Archive for June, 2014

June 23, 2014

Dunster House Provides Sanitation Solutions for Africa

WaterSan Perspective
June 23, 2014

Up to 2.2 million deaths per year are caused by sanitation related illness and diseases, with a high percentage being children under the age of 5. It is because over 2.5 billion people – roughly 36 per cent of the world’s population – still lack what many people take for granted: access to adequate sanitation.

Having that in mind, Dunster House Ltd, a leading manufacturer of timber garden buildings in the UK, has designed new sanitation solutions for humanitarian aid and international development.

The company has recently got involved in a charity project in cooperation with Oxfam and has already started launching its Raised Latrines and Latrine Superstructures to Sudan and Central African Republic.

A raised Latrine Superstructure designed by Dunster House Ltd

A raised Latrine Superstructure designed by Dunster House Ltd

Dunster House Director Chris Murphy believes these products could provide potential solutions for many other communities across the globe. “Our latrines offer full privacy and security that allows individuals to have access to a dignified toilet facility.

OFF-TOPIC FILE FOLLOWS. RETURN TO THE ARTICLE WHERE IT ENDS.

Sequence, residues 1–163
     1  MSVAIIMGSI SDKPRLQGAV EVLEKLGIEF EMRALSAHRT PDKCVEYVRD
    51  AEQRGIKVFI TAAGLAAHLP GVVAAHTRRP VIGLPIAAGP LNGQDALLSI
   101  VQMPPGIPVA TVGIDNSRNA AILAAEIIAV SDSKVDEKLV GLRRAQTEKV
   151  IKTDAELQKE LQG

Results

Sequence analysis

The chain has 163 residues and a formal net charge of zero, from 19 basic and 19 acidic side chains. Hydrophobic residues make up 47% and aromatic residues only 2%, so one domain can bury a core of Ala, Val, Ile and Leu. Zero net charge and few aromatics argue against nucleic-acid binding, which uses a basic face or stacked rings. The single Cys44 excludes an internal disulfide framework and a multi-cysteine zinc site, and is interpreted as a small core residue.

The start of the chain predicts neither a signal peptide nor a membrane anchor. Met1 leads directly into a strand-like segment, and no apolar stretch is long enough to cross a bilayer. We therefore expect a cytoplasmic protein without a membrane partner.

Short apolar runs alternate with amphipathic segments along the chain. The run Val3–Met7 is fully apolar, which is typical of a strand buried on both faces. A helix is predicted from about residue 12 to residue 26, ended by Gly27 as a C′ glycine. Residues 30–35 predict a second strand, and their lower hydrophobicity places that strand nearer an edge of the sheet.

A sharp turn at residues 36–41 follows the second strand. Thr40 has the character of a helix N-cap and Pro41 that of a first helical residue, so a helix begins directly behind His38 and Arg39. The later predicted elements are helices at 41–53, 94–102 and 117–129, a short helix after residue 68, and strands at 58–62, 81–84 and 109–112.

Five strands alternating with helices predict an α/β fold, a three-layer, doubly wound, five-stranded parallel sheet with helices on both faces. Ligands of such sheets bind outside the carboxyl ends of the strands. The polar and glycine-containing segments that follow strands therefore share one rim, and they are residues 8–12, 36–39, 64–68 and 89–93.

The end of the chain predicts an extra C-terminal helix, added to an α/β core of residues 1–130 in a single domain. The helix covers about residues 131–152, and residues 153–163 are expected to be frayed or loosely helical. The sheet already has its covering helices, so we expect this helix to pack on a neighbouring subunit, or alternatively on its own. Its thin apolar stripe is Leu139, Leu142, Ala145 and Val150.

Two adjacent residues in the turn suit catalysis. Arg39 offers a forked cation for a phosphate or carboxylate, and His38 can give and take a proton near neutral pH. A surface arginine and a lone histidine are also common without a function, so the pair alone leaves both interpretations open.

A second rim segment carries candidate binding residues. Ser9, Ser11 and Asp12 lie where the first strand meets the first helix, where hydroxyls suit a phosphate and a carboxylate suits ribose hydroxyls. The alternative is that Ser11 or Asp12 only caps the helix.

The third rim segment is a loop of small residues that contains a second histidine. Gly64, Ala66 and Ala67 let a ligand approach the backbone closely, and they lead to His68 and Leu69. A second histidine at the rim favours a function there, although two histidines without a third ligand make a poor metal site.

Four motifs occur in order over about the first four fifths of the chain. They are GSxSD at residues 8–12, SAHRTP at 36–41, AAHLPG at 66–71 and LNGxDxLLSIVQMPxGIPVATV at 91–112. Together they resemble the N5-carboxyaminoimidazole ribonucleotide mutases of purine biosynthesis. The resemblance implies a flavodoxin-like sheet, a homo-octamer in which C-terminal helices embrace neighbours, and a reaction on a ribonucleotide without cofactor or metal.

They are ideal for domestic and communal use during the interim stage following an emergency situation”, he said.

Dunster House Raised Latrine has been designed for built up urban areas and locations with rocky ground or high water table. It features stairs which can be positioned from the front or side.

The raised platform and waste collection tanks present a stable construction for multiple cubicles – Latrine Superstructures which can be also securely positioned on top of a 800mmx1200mm Squat Plate or Trench Latrine.

Latrine Superstructures can be also used to replace previous toilet facilities that have been damaged during a crisis. The construction is light weight and easily transported.

A pit toilet at a public school in Mbarara, Uganda. Up to 2.5 billion people -- one in three people in the world -- do not have a toilet or access to sustainable sanitation

A pit toilet at a public school in Mbarara, Uganda. Up to 2.5 billion people — one in three people in the world — do not have a toilet or access to sustainable sanitation

Chris Murphy explained: “We are continuing to work hard on our new humanitarian solutions, to help to tackle the sanitation crisis.

Our mission is to help resolve as many sanitation issues as possible. That’s why we keep expanding our range – to suit different needs and requirements”.

Dunster House ltd, established in 1994, is the UK’s largest Garden Building Company, one of the largest UK Timber Climbing Frame Companies and produces many other successful and diverse product lines.

June 23, 2014

Uganda: Kitgum Residents Share Water Points With Animals

Dan Michael Komakech
June 23, 2014

Residents of Toboi in Lolwa parish Orom Sub County in Kitgum district have resorted to sharing contaminated rain runoff water that collects on rock inselbergs with animals due to scarce water points in the vicinity.